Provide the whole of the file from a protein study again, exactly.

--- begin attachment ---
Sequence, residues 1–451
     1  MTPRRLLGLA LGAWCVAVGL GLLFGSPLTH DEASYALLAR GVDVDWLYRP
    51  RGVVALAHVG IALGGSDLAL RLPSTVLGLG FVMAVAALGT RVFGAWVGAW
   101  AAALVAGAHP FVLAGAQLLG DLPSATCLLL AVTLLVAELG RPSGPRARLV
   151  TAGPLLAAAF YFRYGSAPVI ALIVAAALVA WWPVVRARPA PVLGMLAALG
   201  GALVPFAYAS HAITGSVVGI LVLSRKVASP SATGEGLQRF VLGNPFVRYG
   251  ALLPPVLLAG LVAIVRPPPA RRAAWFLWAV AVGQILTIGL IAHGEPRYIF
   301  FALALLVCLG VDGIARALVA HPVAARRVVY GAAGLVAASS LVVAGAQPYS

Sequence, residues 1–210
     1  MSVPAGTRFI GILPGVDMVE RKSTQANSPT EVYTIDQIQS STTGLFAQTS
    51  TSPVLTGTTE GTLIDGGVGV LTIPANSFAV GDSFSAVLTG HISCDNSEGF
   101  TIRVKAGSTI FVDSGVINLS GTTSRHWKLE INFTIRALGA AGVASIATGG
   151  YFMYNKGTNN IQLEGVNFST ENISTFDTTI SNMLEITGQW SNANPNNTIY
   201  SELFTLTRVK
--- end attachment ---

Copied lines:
Sequence, residues 1–451
     1  MTPRRLLGLA LGAWCVAVGL GLLFGSPLTH DEASYALLAR GVDVDWLYRP
    51  RGVVALAHVG IALGGSDLAL RLPSTVLGLG FVMAVAALGT RVFGAWVGAW
   101  AAALVAGAHP FVLAGAQLLG DLPSATCLLL AVTLLVAELG RPSGPRARLV
   151  TAGPLLAAAF YFRYGSAPVI ALIVAAALVA WWPVVRARPA PVLGMLAALG
   201  GALVPFAYAS HAITGSVVGI LVLSRKVASP SATGEGLQRF VLGNPFVRYG
   251  ALLPPVLLAG LVAIVRPPPA RRAAWFLWAV AVGQILTIGL IAHGEPRYIF
   301  FALALLVCLG VDGIARALVA HPVAARRVVY GAAGLVAASS LVVAGAQPYS

Sequence, residues 1–210
     1  MSVPAGTRFI GILPGVDMVE RKSTQANSPT EVYTIDQIQS STTGLFAQTS
    51  TSPVLTGTTE GTLIDGGVGV LTIPANSFAV GDSFSAVLTG HISCDNSEGF
   101  TIRVKAGSTI FVDSGVINLS GTTSRHWKLE INFTIRALGA AGVASIATGG
   151  YFMYNKGTNN IQLEGVNFST ENISTFDTTI SNMLEITGQW SNANPNNTIY
   201  SELFTLTRVK